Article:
Is there any desire (either by architects, developers, or dwellers) for more insulation or other uses of heating in modern homes?

High levels of thermal insulation or air sealing are part of many house builders’ sales pitch, and paying attention to insulation is gradually becoming commonplace. I should add, however, that some contractors do remain skeptical…

Although the rules are not set as clearly as in Europe or the United States (due to the regulations of the Government Housing Loan Corporation), builders often publicize and reference the volume of insulation in the roof walls and floor. The idea of localized heating is therefore gradually becoming a thing of the past. Now, even cheap rental apartments have air conditioning units [note: Japanese AC units normally include both heaters and coolers] installed, and it has become a standard custom to heat the entire room.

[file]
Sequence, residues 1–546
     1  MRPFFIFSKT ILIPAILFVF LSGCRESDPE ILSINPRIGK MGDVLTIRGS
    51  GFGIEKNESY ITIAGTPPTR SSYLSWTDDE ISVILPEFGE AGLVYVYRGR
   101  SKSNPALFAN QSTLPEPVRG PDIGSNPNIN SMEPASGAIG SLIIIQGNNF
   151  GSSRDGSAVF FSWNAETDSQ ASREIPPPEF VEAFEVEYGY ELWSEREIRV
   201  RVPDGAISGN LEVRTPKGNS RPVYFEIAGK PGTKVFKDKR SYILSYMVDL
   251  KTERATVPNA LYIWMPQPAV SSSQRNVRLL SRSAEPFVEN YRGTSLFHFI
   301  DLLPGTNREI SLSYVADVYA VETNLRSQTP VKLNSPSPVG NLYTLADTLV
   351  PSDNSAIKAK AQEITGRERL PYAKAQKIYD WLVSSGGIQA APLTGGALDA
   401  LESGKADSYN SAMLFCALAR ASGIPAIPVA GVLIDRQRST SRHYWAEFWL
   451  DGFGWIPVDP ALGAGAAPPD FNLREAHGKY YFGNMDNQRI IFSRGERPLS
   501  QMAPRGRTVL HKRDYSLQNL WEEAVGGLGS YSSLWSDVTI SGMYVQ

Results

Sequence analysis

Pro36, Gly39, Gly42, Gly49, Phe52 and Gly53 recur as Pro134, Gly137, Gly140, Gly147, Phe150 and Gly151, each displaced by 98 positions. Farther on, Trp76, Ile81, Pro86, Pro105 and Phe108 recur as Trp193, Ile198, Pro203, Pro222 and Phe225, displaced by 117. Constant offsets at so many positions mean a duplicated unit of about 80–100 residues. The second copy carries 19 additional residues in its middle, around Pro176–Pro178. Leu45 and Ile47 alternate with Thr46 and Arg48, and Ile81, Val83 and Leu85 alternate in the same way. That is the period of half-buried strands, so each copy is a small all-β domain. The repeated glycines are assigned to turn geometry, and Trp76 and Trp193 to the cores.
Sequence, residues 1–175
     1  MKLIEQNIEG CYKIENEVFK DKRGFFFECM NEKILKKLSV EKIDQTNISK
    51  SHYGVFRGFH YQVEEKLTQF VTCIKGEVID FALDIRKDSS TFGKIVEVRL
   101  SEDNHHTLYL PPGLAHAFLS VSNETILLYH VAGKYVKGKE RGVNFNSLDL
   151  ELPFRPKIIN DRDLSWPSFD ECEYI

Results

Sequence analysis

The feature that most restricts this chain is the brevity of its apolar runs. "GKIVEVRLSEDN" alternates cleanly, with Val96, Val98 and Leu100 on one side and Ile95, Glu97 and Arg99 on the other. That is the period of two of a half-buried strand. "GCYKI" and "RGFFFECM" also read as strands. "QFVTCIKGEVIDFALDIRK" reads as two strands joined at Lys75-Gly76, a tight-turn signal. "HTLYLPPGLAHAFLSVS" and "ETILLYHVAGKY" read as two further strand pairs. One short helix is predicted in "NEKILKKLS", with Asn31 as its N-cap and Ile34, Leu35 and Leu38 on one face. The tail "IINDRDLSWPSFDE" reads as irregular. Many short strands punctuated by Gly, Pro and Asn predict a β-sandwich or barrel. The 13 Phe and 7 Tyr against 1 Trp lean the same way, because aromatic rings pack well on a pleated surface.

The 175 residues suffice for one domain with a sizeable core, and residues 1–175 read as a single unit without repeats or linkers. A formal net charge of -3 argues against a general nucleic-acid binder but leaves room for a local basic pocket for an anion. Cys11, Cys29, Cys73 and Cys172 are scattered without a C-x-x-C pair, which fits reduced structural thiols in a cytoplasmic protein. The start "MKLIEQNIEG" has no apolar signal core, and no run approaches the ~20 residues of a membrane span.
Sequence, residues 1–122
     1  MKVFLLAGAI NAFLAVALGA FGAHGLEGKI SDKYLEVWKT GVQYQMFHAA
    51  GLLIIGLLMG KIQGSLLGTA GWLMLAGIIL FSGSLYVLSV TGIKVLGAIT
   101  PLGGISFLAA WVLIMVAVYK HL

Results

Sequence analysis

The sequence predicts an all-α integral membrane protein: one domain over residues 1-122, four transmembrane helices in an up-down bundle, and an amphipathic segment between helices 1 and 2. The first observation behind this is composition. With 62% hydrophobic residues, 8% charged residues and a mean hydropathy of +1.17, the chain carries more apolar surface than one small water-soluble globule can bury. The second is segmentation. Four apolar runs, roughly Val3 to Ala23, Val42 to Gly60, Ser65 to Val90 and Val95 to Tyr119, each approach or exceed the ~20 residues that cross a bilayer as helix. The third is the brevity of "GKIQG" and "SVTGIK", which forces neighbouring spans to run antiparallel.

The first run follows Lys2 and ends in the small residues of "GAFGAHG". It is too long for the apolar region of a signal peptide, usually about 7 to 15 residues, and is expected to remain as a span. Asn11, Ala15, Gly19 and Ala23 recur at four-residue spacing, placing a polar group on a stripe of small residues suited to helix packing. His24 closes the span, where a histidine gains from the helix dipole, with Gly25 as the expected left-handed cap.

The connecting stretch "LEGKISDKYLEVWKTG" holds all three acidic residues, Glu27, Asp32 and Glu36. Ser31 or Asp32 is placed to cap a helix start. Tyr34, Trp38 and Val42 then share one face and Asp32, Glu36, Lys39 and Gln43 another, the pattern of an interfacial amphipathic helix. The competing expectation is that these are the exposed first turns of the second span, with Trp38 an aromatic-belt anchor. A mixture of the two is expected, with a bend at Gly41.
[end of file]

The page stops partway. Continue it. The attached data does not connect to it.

While there are many different kinds of insulation, the most commonly used one is fiberglass, which is extremely inexpensive. Leaving out insulation is therefore not a particularly clever way to save on construction expenses. Of course, there are builders who ignore insulation in their designs. Houses with large openings and houses with extremely simple construction and thin walls — where the delineation between inside and outside is only marked by spraying concrete — are cold in the winter and hot in the summer.

I once heard a story that, when a certain European country was refurbishing its embassy in Japan, the construction fee was over budget, so the European architect requested a Japanese architect to come up with a cost savings plan. When the European architect saw that one of the suggestions was to “leave out insulation,” he was quite surprised and thought it was a joke! This story happened just a few years ago.

How does the situation in Tokyo compare to other parts of Japan?